Wednesday, June 06, 2012

The EC must urgently tackle the low price for carbon

We're burning more fossil fuels and greenhouse gas emissions are increasing. It's all down to one thing: the low price of carbon.

Here is a statistic we should not be reading at this point in history: the amount of electricity produced from coal in the UK rose by 19.3% in the first quarter of the year, compared with a year earlier.

Coal use hasn't been this high since the winter of 2007, and is attractive to generators due to the record low CO2 prices in the EU-ETS (Emissions Trading Scheme) helping to boost profits from burning coal.

It means that UK greenhouse gas emissions will continue to rise, following an increase in 2010-2011, which was the pattern throughout the EU.

What about renewable energy? Renewables supplied just 4.7% of fuel for Britain's electricity in the first quarter of 2012, compared to 3.3% a year earlier, according to new figures from the Department for Energy and Climate Change (DECC).

Renewables' position did improve, with a 46.8% rise in wind output. Other renewable sources, which include waste and biomass were also up, by 31.5%, partly due to the conversion of Tilbury power station to 100% biomass, despite Tilbury being offline in March due to a fire. This shows the importance of biomass, but since most of the timber is imported, its actual, global effect on carbon-emission reductions is unclear.

Low-carbon nuclear use fell by 11.6%, following a rise of 11.1% in 2011, with gas (which has a lower global warming potential than coal) use down a whopping 30.4%.

Needless to say, none of this is good for the UK's greenhouse gas emissions.

The same is true in Germany. The increase in the burning of coal in that country cannot wholly be attributed to the closure of nuclear plants: it’s partly due to the low price of carbon.

Overall, the amount of fuel used in the UK for generation in the first quarter of 2012 fell by 2.9% on the same period a year earlier, due to a milder winter, which will have slightly reduced emissions, but it does follow a rise of primary electricity output in 2011 of 14.6%.

The contribution of renewable energy is improving, but not fast enough. Between 2010 and 2011, according to the latest energy production figures, there was a rise of 70.5% for hydro and PV, 59.4% for wind and 24.8% for biomass and waste.

However, combined, they still only provided 4% of all fuel for electricity production in 2011, according to the provisional figures. This compares to 37% provided by coal, 35% by gas, 23% by nuclear and 1% by oil in 2011.

What all this means is that there is a long, long way to go for renewables to reach the magic 20% point.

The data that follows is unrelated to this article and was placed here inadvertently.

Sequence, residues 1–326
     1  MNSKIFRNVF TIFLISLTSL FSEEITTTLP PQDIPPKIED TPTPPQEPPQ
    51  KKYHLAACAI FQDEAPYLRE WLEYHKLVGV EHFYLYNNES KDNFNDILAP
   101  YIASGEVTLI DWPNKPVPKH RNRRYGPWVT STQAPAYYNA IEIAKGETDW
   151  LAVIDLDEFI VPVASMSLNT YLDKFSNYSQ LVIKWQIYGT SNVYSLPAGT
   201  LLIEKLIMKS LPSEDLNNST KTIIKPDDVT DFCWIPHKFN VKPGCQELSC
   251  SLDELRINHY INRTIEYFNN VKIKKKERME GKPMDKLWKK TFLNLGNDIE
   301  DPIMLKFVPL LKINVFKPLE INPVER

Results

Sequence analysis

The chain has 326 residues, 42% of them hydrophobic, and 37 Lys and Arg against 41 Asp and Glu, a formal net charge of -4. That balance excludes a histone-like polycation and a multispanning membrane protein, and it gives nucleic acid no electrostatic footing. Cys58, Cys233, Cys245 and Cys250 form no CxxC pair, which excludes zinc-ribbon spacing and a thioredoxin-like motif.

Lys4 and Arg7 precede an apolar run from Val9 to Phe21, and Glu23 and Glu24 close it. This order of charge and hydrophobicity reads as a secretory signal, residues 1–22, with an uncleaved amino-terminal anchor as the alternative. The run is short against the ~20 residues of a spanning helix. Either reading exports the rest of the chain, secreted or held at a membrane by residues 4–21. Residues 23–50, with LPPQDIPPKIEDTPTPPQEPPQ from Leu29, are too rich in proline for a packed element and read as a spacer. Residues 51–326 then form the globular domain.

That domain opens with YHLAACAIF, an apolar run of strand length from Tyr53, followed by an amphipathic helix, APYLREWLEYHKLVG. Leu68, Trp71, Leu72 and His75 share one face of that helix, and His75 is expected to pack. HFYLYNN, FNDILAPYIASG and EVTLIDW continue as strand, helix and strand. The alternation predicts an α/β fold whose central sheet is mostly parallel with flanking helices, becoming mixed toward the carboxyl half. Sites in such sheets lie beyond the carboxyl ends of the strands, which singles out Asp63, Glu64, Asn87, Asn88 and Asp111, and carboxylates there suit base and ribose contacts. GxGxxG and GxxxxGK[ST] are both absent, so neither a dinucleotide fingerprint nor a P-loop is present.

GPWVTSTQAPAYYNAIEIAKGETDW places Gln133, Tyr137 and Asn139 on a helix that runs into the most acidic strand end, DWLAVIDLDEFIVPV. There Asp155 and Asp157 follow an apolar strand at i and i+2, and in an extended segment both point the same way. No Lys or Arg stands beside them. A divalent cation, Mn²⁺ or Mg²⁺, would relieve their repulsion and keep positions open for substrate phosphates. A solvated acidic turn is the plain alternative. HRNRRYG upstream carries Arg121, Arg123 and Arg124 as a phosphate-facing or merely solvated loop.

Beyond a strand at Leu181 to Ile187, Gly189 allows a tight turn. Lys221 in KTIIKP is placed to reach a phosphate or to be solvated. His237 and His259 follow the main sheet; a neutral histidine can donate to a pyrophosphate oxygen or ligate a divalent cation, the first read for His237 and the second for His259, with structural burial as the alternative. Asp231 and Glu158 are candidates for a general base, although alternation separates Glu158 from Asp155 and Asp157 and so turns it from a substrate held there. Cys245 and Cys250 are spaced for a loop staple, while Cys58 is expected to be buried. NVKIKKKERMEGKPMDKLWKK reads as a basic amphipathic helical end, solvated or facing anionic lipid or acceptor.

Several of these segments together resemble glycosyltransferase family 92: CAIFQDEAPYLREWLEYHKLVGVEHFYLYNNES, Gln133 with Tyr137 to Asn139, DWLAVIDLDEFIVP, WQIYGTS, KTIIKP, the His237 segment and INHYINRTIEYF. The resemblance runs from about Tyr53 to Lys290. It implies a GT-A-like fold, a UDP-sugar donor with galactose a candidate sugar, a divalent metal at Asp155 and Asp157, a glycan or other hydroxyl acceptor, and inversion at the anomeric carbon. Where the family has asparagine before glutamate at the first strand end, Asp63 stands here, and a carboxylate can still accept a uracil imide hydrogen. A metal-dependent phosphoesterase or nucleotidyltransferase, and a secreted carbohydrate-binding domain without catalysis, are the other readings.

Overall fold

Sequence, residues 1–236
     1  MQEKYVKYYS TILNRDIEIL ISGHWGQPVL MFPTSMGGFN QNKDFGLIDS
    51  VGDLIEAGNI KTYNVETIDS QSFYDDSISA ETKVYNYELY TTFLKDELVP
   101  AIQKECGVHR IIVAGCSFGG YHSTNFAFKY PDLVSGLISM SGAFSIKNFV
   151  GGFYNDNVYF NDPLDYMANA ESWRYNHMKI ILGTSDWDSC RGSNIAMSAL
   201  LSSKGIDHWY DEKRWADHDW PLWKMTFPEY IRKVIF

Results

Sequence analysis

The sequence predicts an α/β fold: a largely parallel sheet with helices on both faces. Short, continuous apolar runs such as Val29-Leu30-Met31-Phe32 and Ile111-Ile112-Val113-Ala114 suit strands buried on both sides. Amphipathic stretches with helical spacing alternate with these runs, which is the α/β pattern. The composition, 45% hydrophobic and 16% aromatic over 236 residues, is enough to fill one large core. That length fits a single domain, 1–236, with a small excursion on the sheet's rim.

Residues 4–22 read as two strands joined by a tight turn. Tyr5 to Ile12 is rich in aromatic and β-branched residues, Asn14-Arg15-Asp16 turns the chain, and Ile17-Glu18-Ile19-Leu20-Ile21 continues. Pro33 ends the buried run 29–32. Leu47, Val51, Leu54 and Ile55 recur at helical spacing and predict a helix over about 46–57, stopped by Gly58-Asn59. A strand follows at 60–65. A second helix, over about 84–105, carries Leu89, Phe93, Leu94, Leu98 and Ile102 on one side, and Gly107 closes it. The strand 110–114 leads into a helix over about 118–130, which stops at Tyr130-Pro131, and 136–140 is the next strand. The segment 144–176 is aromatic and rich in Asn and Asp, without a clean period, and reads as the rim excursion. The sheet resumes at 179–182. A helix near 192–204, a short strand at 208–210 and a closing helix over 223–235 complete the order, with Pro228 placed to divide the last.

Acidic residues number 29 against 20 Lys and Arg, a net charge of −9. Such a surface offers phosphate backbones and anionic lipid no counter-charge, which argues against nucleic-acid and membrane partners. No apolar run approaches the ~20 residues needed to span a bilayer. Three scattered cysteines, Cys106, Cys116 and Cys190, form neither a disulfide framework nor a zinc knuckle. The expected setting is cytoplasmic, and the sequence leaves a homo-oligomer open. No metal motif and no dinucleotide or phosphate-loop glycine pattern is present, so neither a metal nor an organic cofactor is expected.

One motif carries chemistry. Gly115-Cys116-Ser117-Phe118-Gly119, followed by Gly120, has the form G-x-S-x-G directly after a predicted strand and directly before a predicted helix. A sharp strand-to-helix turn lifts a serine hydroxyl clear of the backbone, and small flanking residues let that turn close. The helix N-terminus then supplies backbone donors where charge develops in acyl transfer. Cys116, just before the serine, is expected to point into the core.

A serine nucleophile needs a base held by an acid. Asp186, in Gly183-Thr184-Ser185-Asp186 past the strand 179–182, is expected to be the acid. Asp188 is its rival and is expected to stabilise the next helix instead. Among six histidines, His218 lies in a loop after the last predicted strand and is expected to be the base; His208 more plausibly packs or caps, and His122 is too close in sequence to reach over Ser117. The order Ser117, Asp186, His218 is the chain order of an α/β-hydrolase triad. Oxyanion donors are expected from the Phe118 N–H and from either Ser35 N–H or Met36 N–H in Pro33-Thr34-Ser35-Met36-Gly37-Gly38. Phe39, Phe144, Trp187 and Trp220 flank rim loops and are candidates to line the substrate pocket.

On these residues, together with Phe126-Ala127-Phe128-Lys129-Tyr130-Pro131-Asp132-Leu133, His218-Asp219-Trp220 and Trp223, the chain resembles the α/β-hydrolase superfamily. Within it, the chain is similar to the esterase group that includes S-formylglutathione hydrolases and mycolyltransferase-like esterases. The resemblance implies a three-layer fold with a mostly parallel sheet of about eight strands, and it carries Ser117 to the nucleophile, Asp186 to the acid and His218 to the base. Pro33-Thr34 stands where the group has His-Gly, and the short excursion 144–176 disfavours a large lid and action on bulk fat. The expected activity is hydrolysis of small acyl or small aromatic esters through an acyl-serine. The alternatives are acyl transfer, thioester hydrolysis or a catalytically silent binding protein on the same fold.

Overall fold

The root of the problem: low carbon prices

If EU carbon allowance prices are low, it makes burning coal cheaper. These permits to pollute have lost 60% of their value over the last year. There is currently a glut of over 900 million of them.

Last month saw yet more calls from business leaders for action in the European Commission to boost their price. Representatives from Spanish company Acciona, Royal Dutch Shell, Unilever, Philips, Deutsche Telekom and Vodafone met European Commission President Jose Manuel Barroso to demand ambitious future targets on renewable energy and carbon emissions reduction, as well as urgent action to bolster carbon prices.

There have been many such calls since the end of last year, but so far the European Commission has done absolutely nothing.

Two days ago, a survey by PwC found that 80% of respondents were in favour of cutting the supply of permits in order to boost carbon prices from their current €7 level. Of these, two thirds called for regulators to cut supply by taking on deeper 2020 emissions targets rather than just by temporarily withdrawing some allowances from the market.

This would mean increasing the target to a 30% emissions cut below 1990 levels rather than the current one of 20%, a move supported by the UK Government.

The European Commission is taking ages to decide whether to delay the sale of allowances from the early years of the EU Emissions Trading Scheme's third phase (2013-2020) to combat the glut. Its dithering is having a dire effect on emissions.

Other options for intervention proposed by those surveyed included setting a target of 50% cut in emissions for 2030, and the creation of a central carbon bank to monitor prices and regulate supply of permits. Neither of these seem likely at the moment.

But if supply were to be cut and Europe's economy were to recover, the report finds that the price of allowances could rise to €38 by 2030, which would provide a much more powerful price signal to generators to cut the use of burning fossil fuels.

Participants in the survey also doubted that the ICAO, the membership organisation for airlines, will launch a global-and-trade market for airlines before 2015 but were more optimistic that the International Maritime Organisation will take action by that year to curb emissions from shipping. Most survey participants thought that airline carriers would, despite protests, comply with the requirements of the EU-ETS.

The Commission is expected to outline what action it will take to improve the situation before it takes a recess in August. The sooner it does so the better.

Noises from inside the Commission say that a legal decision on reform of the trading system is possible by the end of the year. It could be 2013 before the structural reforms necessary to improve the effects of the Emissions Trading Scheme are in place.

With the pace being so slow, it looks very much from the outside as if they are fiddling while Rome burns. Almost literally.

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